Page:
The majority of adults at or over the age of 50 believe senior hunger is problematic and view senior hunger as a problem that has increased in the last year, according to the Hunger Trends study released by the AARP Foundation.
“When asked how increasing grocery prices have affected how they shop for food, about half of adults 50-plus report spending more money and buying cheaper brands,” the results state. “And when tradeoffs are needed to pay for food, transportation expenses are the ones most commonly reduced by midlife and older adults, followed closely by utilities.”
With increasing costs of living due to historic levels of inflation, the increase in food prices is affecting half of all surveyed 50-plus respondents, according to the study. The percentage of respondents who said that prices have never impacted their ability to access food dropped notably between February and December 2022.
“Rising food prices are the top factor affecting midlife and older adults’ ability to access food,” the study states. “Along with rising food prices, low wages, physical disability, unemployment, and travel, challenges are more likely to negatively affect access to food among adults 50–64 than among those 65 and older.”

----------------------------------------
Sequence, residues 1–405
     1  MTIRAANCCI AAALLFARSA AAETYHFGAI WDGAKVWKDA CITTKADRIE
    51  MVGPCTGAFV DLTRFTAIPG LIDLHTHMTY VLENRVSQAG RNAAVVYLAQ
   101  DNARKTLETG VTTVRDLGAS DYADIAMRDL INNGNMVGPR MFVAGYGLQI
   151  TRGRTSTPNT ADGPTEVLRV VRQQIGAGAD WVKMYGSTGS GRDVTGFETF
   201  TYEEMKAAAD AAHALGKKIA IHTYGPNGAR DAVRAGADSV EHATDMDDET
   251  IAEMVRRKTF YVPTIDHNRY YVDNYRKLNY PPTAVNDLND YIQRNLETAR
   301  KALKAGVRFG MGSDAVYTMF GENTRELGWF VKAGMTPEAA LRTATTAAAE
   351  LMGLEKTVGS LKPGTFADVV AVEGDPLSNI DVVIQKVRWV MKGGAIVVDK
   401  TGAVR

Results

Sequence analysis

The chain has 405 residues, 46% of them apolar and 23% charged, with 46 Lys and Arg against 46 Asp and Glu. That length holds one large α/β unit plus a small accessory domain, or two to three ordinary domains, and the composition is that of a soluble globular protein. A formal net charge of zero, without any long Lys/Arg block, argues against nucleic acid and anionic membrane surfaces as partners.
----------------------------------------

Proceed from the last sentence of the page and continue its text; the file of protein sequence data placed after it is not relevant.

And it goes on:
The impact of inflation and rising living costs has been a consistent theme in reverse mortgage industry messaging to prospective borrowers in recent years. While Social Security benefits have increased for the past two years, the larger benefit checks were outpaced by inflation in 2022. Some older workers also noted that higher living costs will lead them to delay retirement plans.
The 2022 Hunger Trends study was conducted by the National Opinion Research Center (NORC) at the University of Chicago on behalf of AARP, soliciting American adults at or over the age of 50 through the NORC AmeriSpeak Omnibus. A total of 4,350 responses were recorded at regular intervals between February and December of 2022.